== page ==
Elementary Kids Get Handsy With Breast Implants

MakenzieR on 7 Apr 2011 at 12:00am

Kids at Shady Grove Elementary have gotten some hands-on experience that most won't gain without a visit to their neighborhood plastic surgeon. 

For a recent career day, a plastic surgeon parent brought in breast implants and let the kids handle them as part of the presentation. 

Barbie okay but breast implants not

When word spread to other parents, there was outrage. 

Jacquie Kelley’s 10-year-old daughter attends Shady Grove, though she wasn’t present for career day. “I think they're a little young to be having this discussion and with everything going on with body issues and...bullying and stuff like that you don't need to add that to the mix," she said to NBC12.

Others weren’t so appalled. "I think if he was talking about it in the medical sense and trying to explain to him that sometimes this happens to people then I'm comfortable with that," said Marie Bradt, whose 10-year-old son felt the implants.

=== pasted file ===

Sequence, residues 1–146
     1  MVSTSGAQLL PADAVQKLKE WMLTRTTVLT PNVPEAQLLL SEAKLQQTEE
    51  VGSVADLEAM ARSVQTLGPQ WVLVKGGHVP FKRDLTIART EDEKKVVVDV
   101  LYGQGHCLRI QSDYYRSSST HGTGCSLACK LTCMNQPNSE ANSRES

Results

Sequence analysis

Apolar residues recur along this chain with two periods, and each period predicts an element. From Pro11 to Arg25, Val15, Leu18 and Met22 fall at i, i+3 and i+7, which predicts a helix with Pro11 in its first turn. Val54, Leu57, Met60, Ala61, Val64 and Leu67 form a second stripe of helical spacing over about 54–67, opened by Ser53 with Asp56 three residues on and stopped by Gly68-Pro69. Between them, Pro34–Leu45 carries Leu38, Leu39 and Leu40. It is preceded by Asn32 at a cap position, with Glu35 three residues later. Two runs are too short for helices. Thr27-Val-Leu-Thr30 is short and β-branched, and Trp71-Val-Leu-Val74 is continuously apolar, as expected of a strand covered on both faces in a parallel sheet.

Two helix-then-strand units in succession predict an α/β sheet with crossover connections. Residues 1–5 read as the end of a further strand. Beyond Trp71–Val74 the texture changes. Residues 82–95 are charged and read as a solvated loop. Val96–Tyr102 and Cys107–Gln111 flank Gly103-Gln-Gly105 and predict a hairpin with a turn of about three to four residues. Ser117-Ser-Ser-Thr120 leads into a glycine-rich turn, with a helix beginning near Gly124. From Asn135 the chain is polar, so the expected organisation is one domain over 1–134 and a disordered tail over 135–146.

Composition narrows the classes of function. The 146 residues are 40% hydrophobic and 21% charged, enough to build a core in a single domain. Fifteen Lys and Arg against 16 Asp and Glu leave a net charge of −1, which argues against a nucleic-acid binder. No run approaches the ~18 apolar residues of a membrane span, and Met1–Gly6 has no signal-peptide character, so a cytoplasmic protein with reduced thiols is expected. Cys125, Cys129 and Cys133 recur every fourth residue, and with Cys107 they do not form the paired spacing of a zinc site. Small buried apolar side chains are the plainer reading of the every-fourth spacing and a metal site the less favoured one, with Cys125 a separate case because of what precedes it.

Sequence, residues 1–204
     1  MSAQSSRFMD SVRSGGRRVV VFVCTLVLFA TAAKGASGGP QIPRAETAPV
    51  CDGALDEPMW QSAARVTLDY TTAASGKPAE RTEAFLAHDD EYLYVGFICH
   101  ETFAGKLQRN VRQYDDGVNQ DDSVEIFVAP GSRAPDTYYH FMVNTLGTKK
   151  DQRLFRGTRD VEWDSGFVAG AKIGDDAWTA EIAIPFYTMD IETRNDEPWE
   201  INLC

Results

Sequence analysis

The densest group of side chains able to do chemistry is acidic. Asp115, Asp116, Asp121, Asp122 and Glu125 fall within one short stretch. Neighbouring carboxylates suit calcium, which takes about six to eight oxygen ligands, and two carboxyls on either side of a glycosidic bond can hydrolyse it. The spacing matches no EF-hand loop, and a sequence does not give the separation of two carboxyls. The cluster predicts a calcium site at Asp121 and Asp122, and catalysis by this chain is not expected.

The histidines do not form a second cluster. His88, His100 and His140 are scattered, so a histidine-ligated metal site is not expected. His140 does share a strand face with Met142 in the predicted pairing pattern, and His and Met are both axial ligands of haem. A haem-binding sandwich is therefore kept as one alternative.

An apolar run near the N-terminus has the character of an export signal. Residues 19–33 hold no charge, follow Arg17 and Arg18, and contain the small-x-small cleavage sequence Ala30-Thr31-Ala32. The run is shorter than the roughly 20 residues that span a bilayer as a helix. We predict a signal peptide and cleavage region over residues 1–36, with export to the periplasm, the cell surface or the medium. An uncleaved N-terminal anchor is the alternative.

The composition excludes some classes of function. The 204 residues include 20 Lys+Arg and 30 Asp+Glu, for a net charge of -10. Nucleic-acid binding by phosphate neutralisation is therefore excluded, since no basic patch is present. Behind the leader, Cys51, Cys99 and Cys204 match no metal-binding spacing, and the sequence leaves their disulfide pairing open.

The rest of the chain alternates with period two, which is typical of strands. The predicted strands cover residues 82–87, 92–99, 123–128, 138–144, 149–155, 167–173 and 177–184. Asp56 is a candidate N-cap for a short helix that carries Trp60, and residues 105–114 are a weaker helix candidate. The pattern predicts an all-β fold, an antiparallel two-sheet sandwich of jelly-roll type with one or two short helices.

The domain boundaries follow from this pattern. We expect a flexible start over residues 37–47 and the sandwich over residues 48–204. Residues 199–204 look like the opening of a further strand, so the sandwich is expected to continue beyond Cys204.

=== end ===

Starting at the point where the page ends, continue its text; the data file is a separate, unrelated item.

We see a lot of questions on RealSelf about the appropriate age for cosmetic procedures, and the general consensus (for aesthetic procedures) seems to be that a person should be emotionally stable, mature enough to understand the pros and cons, and the body part in question needs to be fully developed.

Most 9 to 12-year-olds do not fit into these categories, so should they even be exposed to the option of body alteration before they grow into their own?

What do you think? Would you have consented to this at your child's school?


See what RealSelf plastic surgeons would have done with their children.

More on kids and cosmetic surgery:

Comments (1)

I have six children of my own... and I must admit, I would think twice if I were asked in advance. Unfortunately, schools typically depend on the parents who come to Career Day to be cautious about what they share.

Having said that, I WOULD allow my child to feel a breast implant and discuss it in terms of medical procedures. Implants are not just for augmentation: ask any breast cancer survivor.

Children are naturally curious, and it doesn't hurt to remove the mystery and answer questions.
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